Michael McCain, owner of Insane McCain Fireworks, has been in the business of selling fireworks for 30 years. He enjoys the fact that individuals and families want to celebrate certain holidays by purchasing his fireworks, but he also understands and encourages the importance of staying safe while lighting the explosive products.
“Follow the directions. Every item has a warning label, every single item does. If you just follow those directions, everything will be fine,” McCain said. “Use good sense and be smart about it. Read the directions, and don’t hold it in your hand. Do it in an open area. ... Let an adult light them. Some people like to mix alcohol and fireworks, and that’s not a good mixture in my opinion. So, be sober and let an adult light them.”
According to a 2012 U.S. Consumer Product Safety Commission study, hands and fingers are the most injured body parts of a person, with heads, faces and ears receiving the second most fireworks-related injuries. However, McCain said fireworks have progressed over the years, causing less accidents, injuries and deaths.
“Fireworks have come a long way. As I remember back when I was a kid, they seemed to be more dangerous. But now with the way the world has moved more toward safety and tightening up the ship, I guess you would say, the parts are more true,” McCain said. “They shoot true. You can know about what height and distance they’re going to shoot, as long as you stick with some of the good brands. There are some cheap brands still out there, but TNT and World Class are your best brands, in my opinion.”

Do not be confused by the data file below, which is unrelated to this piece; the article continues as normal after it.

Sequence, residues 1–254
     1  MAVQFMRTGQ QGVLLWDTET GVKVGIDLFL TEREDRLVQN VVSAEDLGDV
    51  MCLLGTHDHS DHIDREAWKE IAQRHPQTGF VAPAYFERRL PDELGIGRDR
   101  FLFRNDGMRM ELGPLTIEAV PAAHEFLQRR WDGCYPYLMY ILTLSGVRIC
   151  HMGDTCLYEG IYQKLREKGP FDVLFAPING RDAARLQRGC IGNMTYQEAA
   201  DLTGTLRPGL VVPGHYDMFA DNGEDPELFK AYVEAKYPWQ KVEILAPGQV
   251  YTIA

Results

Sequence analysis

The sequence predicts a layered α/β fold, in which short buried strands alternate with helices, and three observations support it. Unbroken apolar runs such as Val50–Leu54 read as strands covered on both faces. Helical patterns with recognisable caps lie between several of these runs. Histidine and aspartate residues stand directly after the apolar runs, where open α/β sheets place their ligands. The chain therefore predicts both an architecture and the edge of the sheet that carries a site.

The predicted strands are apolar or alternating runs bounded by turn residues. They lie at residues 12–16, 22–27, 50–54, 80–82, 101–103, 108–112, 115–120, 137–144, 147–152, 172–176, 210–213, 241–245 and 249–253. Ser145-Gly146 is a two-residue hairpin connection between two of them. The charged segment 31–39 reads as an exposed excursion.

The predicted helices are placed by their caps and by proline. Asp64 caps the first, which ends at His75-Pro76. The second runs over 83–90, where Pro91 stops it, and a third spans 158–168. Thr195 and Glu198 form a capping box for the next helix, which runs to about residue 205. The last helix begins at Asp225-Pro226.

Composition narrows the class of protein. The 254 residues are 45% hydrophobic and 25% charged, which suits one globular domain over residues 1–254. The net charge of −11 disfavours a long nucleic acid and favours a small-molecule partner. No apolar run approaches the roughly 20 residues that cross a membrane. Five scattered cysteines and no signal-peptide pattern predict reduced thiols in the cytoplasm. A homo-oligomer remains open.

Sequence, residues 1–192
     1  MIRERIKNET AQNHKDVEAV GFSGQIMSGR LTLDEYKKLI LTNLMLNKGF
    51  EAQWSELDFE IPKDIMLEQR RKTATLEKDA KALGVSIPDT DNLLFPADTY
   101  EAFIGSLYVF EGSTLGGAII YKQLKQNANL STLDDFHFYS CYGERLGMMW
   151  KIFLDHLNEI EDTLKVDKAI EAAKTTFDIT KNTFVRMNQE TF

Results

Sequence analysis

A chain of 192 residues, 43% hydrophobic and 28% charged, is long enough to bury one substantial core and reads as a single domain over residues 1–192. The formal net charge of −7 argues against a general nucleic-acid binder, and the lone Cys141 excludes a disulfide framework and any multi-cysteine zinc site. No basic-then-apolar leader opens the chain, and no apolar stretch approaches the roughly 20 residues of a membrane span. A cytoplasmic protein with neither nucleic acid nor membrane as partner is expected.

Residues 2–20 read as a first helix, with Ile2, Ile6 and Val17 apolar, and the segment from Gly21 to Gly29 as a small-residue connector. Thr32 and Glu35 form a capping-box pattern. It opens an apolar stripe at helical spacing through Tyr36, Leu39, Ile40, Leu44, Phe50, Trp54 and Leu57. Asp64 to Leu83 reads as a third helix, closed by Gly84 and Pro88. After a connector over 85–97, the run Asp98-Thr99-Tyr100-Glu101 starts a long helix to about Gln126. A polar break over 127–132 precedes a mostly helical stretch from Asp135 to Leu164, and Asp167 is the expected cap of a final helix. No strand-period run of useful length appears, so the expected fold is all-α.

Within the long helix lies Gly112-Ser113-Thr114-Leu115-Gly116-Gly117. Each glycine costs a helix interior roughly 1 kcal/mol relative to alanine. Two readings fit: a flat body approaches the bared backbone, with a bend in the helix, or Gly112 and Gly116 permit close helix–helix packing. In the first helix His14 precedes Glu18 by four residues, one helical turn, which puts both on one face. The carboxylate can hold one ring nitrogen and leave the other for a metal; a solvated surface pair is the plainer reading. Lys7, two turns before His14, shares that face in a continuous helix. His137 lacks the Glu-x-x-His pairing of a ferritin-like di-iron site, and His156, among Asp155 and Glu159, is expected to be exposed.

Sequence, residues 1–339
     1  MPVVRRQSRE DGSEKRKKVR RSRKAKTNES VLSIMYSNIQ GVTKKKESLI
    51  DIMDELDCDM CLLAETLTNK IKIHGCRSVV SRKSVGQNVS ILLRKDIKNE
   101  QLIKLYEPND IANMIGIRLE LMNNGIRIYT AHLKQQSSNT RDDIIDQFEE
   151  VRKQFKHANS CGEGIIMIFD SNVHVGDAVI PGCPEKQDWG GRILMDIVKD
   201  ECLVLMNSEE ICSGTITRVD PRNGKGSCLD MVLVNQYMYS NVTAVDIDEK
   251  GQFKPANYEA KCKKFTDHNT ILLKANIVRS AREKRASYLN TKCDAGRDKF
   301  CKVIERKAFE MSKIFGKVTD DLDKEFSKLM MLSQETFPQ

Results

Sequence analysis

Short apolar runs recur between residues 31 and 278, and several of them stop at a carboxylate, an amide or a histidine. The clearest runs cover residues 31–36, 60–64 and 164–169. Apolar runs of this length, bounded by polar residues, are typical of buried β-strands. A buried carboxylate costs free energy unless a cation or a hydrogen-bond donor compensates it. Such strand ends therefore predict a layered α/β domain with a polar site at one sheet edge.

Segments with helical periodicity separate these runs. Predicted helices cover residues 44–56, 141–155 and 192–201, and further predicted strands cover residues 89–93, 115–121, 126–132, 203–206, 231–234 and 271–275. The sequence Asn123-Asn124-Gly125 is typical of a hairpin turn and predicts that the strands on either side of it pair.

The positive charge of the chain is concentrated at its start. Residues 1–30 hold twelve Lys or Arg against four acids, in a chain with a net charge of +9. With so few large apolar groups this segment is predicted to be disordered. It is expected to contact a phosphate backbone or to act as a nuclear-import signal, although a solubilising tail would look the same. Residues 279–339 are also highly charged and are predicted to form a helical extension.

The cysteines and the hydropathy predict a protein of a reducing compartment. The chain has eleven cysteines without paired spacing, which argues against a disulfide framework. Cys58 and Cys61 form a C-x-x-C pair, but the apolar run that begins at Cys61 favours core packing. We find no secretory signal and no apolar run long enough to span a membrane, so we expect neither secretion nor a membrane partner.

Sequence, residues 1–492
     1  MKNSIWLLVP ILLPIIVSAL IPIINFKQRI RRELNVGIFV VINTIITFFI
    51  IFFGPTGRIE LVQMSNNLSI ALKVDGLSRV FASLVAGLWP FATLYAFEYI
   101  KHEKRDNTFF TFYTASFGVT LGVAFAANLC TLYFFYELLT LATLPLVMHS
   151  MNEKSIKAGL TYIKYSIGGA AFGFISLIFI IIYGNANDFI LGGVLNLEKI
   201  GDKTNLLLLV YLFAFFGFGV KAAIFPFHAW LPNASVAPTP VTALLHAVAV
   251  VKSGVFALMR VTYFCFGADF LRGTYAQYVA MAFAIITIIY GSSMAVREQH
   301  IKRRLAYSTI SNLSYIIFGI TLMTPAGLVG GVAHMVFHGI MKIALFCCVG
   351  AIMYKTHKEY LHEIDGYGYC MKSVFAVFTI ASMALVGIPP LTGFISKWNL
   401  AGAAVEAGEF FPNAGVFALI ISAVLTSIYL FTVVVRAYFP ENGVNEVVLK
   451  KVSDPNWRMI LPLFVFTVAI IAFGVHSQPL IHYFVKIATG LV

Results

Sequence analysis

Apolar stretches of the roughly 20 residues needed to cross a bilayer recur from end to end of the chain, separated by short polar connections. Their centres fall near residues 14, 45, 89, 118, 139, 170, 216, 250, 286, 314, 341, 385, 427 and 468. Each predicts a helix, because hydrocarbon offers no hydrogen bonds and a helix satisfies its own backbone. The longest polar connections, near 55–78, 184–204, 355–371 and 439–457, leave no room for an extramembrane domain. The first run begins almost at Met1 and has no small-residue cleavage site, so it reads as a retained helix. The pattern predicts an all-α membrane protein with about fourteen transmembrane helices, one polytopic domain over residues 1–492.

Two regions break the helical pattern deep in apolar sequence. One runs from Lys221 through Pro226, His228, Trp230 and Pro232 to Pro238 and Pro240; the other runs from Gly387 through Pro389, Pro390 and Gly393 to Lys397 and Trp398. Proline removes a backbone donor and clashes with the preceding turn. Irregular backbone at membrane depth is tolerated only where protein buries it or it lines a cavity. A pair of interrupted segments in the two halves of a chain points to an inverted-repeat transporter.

Not only do individuals need to worry about the safety of themselves and their family and friends, but they also need to take into consideration accidentally igniting fires in wooded or grassy areas.
“The No. 1 warning is following directions. That’s the common sense approach to all fireworks is following directions. Of course, it’s not legal to shoot them in the city even though it’s done anyway,” said Capt. Alan Clark of the Jasper Fire Department. “If there is somewhere that they’re going to be shooting them, just make sure it’s an area cleaned out, not a grassy area that could catch on fire. Have something available if something goes wrong, like a fire extinguisher to put it out quickly just to stop it from getting any larger.”
Clark advises individuals to take part in a fireworks show operated by professionals, adding that “some of the most harmless ones are the most dangerous, like sparklers ... those burn around 1,000 degrees. They’re very dangerous.”
If you plan on purchasing fireworks and setting up your own personal show, celebrate safely by following these simple guidelines posted by the CPSC and the National Council on Fireworks Safety:
•Always read and follow label directions.
•Have an adult present; never allow children to play with or ignite fireworks.
•Use outdoors only.
•Always have water handy (a garden hose and a bucket) or a fire extinguisher.
•Never experiment or make your own fireworks.
•Light only one firework at a time, then move back quickly.
•Never re-light a “dud” firework (wait 15 to 20 minutes and then soak it in a bucket of water) or pick up fireworks that have not ignited fully.
•Never give fireworks to small children.
•If necessary, store fireworks in a cool, dry place.
•Dispose of fireworks properly by soaking them in water and then disposing of them.
•Never throw or point fireworks at other people.
•Never carry fireworks in your pocket.
•Never shoot fireworks in metal or glass containers.
•The shooter should always wear eye protection and never have any part of the body over the firework.
•Stay away from illegal explosives and buy from reliable sellers.